A guide to managing system load with ZoneMinder

Add any particular hints or tricks you have found to help with your ZoneMinder experience.
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A guide to managing system load with ZoneMinder

Postby Flash_ » Fri Oct 27, 2006 8:23 pm

A guide to managing system load with ZoneMinder
(Written with IP Cameras in mind)

Zoneminder is a superb application in every way, but it does a job that needs a lot of horsepower especially when using multiple IP cameras. IP Cams require an extra level of processing to analogue cards as the jpg or mjpeg images need to be decoded before analysing. This needs grunt. If you have lots of cameras, you need lots of grunt.

Why do ZM need so much grunt?
Think what Zoneminder is actually doing. In modect mode ZM is:
1. Fetching a jpeg from the camera. (Either in single part or multipart stream)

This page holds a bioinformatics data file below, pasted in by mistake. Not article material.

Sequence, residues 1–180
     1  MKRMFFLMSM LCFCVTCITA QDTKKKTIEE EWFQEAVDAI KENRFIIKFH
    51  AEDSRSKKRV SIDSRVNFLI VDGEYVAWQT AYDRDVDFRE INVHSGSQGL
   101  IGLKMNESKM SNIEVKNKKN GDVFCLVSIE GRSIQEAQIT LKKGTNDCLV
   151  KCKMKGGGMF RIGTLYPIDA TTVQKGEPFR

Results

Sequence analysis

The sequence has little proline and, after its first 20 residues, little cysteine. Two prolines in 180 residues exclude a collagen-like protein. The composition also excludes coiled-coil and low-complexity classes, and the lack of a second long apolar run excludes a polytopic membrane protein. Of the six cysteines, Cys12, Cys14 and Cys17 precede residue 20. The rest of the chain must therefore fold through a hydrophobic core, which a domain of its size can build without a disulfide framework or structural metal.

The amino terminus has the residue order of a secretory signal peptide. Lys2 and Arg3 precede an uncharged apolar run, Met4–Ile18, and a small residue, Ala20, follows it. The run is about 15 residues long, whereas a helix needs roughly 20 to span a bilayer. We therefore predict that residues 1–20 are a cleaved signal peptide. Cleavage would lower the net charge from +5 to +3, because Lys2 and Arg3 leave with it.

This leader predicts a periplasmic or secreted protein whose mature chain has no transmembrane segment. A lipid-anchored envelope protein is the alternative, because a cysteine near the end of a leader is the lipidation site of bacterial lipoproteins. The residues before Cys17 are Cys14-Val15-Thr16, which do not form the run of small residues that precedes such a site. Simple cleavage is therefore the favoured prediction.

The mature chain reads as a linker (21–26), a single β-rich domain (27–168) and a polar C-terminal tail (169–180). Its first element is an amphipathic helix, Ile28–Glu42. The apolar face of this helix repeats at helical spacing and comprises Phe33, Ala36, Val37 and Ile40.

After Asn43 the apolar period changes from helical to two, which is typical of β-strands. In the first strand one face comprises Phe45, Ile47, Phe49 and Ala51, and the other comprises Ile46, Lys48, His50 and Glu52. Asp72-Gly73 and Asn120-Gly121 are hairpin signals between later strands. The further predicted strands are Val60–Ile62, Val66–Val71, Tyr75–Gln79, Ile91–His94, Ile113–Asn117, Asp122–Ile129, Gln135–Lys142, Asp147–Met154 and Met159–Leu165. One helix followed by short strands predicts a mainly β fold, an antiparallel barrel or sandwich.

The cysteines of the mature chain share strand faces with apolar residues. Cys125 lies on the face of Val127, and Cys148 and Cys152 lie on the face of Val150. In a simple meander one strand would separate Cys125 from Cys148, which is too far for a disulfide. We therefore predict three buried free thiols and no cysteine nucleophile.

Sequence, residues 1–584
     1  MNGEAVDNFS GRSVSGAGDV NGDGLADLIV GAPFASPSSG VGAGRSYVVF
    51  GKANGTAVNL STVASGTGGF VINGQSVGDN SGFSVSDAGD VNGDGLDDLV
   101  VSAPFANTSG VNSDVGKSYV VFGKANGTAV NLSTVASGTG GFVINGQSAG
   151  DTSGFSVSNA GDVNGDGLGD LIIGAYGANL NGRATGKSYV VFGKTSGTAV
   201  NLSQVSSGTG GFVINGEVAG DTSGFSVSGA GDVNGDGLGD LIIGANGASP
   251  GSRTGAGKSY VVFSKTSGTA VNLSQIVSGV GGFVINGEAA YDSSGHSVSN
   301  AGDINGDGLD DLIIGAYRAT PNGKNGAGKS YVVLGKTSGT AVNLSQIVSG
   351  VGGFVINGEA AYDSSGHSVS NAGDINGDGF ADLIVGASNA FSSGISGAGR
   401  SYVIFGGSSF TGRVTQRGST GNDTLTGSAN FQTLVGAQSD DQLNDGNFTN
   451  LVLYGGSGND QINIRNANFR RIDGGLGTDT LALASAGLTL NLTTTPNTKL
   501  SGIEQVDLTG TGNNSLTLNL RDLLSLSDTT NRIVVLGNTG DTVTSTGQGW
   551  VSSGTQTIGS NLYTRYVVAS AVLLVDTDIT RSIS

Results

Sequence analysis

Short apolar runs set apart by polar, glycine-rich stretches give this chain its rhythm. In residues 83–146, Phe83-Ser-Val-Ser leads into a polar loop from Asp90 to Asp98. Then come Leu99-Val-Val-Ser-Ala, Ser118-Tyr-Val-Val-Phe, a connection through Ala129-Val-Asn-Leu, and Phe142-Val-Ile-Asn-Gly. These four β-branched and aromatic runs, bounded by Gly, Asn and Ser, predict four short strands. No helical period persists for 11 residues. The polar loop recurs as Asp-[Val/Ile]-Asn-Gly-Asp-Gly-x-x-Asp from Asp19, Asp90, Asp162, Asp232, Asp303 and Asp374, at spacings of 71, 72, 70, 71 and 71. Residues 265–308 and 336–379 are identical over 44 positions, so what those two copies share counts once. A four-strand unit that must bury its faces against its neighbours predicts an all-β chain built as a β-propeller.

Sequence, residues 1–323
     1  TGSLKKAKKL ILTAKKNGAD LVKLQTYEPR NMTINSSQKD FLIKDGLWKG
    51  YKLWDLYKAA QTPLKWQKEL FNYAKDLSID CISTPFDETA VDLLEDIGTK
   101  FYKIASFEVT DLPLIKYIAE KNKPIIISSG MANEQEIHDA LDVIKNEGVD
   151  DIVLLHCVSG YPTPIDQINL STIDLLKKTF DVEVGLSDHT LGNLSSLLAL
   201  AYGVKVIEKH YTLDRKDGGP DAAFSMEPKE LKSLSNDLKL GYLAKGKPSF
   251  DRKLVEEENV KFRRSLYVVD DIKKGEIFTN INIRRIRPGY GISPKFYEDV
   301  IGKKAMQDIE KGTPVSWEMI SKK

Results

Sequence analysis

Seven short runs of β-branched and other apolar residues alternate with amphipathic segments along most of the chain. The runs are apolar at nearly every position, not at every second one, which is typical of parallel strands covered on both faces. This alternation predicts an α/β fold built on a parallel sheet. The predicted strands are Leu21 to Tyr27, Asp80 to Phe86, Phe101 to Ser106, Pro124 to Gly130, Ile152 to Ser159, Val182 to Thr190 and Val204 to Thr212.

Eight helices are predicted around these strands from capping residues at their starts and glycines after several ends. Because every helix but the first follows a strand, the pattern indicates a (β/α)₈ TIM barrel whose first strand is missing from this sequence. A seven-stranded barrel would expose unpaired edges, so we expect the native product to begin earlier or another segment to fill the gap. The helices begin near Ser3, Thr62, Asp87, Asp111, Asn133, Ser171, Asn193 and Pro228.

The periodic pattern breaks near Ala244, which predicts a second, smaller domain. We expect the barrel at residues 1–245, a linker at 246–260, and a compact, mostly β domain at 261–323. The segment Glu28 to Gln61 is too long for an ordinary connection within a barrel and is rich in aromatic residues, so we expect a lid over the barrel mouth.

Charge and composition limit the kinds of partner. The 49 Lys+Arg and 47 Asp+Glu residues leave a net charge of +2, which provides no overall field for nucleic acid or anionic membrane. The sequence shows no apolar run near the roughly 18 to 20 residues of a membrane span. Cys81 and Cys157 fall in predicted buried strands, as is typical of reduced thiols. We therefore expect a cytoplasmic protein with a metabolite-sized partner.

2. Decoding the jpeg image.
3. Comparing the zoned selections to the previous image or images and applying rules.
4. If in alarm state, writing that image to the disk and updating the mysql database.

If you're capturing at five frames per second, the above is repeated five times every second, multiplied by the number of cameras. Decoding the images is what takes the real power from the processor and this is the main reason why analogue cameras which present an image ready-decoded in memory take less work.

How do I know if my computer is overloaded?
If your CPU is running at 100% all the time, it's probably overloaded (or running at exact optimisation). If the load is consistently high (over 10.0 for a single processor) then Bad Things happen - like lost frames, unrecorded events etc. Occasional peaks are fine, normal and nothing to worry about.